> - Our 10 Principles were developed by consensus over a 2-year period.
> Gov members helped a lot, but this was a truly pluriparticipative
> effort. There was no gov filter of any kind here.
> - CG plans its resource allocation by consensus, not a single cent of
> expenses is determined by gov (except for taxes of course), and
> prioritizes its investments in structuring projects also by consensus.
> Please try to find another short term to call us :) "State-led" is
> certainly not one of them.
> fraternal regards
> --c.a.
>> On 12/09/2013 02:41 PM, Milton L Mueller wrote:
>> Carlos and Jeremy, If one is familiar with the history of WSIS, and
>> with the initial reaction of states in WSIS to the demands for
>> participation by non-state actors, and with the battle over 'enhanced
>> cooperation', it is flat wrong to dismiss the EC draft's repeated
>> emphasis on different (and subordinate) stakeholder roles as
>> "ethereal." It is what the whole IG debate Is fundamentally about
>> right now. For the EC to come down firmly on the side of
>> subordinating non-state actors to state actors in all policy making
>> processes would be a highly significant development - one that many
>> of us would think of as a setback to Internet freedom and autonomy as
>> well.
>> As for waiting for the full document, well, welcome to the Heisenberg
>> principle. Because of our intervention, and because of the internal
>> opposition to these reactionary trends in the EC, it is unlikely that
>> the "final document" you see will be the same as the draft that was
>> leaked.
>> Carlos: No need to quibble about this, really, but an organization
>> created by a national law, the majority of whose members are
>> government ministries, and without any representation from foreigners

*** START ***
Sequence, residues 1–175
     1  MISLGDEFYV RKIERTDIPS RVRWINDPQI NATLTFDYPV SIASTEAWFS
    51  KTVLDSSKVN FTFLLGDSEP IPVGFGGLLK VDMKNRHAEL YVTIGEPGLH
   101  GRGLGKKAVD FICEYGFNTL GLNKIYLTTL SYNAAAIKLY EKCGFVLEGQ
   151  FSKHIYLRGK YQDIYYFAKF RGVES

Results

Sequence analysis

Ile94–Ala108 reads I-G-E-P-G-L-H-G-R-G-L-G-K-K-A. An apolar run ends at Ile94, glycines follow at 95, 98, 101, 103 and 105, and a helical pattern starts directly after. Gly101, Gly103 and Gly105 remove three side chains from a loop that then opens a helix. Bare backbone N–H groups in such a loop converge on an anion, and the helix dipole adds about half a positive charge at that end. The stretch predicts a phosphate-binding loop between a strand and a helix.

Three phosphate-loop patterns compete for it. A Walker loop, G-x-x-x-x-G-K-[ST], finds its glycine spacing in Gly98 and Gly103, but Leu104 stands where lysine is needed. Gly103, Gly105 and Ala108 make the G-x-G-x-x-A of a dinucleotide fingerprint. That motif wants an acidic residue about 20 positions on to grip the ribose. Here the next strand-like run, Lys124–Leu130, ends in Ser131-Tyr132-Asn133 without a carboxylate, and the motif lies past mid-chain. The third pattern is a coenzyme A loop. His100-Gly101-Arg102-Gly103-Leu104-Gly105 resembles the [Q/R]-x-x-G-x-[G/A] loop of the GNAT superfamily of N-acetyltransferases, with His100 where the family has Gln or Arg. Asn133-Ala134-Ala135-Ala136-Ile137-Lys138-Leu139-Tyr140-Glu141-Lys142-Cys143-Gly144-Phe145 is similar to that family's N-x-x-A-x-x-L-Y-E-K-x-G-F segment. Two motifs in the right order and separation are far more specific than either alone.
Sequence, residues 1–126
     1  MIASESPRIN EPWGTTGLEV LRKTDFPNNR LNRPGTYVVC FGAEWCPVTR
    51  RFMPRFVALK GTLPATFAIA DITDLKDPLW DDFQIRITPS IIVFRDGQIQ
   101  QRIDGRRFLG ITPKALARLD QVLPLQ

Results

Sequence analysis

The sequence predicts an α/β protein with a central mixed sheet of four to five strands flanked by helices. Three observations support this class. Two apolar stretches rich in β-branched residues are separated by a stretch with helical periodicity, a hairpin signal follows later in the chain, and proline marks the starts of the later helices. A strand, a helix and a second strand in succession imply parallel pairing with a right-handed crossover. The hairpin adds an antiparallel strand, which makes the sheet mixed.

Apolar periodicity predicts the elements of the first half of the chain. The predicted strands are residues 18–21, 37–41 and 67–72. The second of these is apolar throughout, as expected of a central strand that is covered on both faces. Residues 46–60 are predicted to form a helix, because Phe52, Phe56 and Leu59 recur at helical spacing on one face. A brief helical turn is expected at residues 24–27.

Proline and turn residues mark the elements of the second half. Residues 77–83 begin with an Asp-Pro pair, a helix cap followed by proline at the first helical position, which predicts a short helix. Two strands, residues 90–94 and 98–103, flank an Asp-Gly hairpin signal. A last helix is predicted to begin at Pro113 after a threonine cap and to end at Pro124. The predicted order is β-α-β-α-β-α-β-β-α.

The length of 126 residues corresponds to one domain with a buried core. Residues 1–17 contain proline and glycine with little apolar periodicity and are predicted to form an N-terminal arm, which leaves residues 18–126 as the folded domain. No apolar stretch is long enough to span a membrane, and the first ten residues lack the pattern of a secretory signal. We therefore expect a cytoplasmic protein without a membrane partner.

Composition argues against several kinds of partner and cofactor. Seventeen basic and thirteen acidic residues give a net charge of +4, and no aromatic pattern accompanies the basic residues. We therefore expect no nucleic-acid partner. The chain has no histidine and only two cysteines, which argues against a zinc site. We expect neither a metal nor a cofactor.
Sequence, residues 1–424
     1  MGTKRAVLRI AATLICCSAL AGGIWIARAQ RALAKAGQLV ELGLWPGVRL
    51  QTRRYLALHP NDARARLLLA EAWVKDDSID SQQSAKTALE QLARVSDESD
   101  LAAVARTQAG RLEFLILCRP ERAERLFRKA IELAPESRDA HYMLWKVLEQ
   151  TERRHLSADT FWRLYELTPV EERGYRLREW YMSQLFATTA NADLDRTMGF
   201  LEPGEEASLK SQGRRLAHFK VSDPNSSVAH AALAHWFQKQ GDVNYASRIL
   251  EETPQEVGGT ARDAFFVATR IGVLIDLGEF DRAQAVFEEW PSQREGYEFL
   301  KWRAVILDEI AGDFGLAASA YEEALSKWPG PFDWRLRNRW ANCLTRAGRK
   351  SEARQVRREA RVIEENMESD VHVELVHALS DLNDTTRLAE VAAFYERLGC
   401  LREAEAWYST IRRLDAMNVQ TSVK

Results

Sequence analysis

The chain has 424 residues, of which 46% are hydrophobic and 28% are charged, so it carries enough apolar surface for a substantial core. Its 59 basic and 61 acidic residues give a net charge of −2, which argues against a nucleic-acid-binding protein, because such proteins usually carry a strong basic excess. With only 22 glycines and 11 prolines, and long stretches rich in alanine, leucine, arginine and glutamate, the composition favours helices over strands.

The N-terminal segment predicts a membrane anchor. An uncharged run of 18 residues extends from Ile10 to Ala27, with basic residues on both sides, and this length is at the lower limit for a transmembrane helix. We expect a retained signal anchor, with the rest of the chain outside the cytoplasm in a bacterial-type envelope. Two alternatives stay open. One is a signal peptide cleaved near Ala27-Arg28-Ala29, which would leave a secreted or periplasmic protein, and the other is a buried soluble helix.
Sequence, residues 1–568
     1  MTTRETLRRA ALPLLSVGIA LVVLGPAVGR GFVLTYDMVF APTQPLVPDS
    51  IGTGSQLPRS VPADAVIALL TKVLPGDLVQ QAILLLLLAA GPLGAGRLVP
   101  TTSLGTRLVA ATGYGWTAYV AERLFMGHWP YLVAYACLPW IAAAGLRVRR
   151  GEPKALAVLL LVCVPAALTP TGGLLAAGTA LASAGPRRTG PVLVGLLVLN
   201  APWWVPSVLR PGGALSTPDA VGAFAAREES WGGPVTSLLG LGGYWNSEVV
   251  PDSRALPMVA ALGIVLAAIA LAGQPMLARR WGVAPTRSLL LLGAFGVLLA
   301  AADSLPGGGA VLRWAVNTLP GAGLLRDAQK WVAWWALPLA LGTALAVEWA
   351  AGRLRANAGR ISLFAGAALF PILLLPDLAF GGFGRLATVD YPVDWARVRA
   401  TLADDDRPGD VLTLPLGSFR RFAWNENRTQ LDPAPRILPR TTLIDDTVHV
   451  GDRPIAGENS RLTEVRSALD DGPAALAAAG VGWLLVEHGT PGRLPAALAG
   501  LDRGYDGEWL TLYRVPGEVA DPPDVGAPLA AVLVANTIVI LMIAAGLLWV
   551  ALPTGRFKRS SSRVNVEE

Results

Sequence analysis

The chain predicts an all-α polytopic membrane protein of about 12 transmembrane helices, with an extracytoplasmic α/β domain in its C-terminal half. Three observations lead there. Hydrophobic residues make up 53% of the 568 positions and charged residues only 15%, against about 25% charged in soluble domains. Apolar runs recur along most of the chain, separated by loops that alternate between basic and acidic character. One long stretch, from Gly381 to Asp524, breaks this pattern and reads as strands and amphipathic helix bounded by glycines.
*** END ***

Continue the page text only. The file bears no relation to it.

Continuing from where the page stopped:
>> might reasonably be called 'state-led.'
>> -----Original Message----- From: i-coordination-bounces at
>> [mailto:i-coordination-bounces at] On Behalf Of Carlos A.
>> Afonso Sent: Monday, December 9, 2013 6:48 AM To: Olivier MJ
>> Crepin-Leblond; I-coordination at Subject: Re: [I-coordination]
>> Europe at a tipping point?
>> Hi people, I would like to read the whole document. I think IGP's
>> analysis may be overreacting and may be misleading, but it would be
>> great to read the whole doc first.
>> Two quick points which are independent of the doc's content:
>> - is not "state-led";
>> - "in their respective roles" is in fact ethereal and also includes
>> the "respective roles" of governments, whatever this means -- it is
>> of such generic scope that one cannot conclude that the world will
>> end just by the mention of this.
>> --c.a.
>>> On 12/09/2013 07:12 AM, Olivier MJ Crepin-Leblond wrote:
>>> Hello all,
>>> whilst we're all discussing who's going to be sitting physically at
>>> the table in Brazil, the world moves on and our colleagues in
>>> Europe might have some (real) work to do:
> -leaked-ec-document-stirs-internet-governance-controversy/
>>> Kind regards,
>>> Olivier
>>> _______________________________________________ I-coordination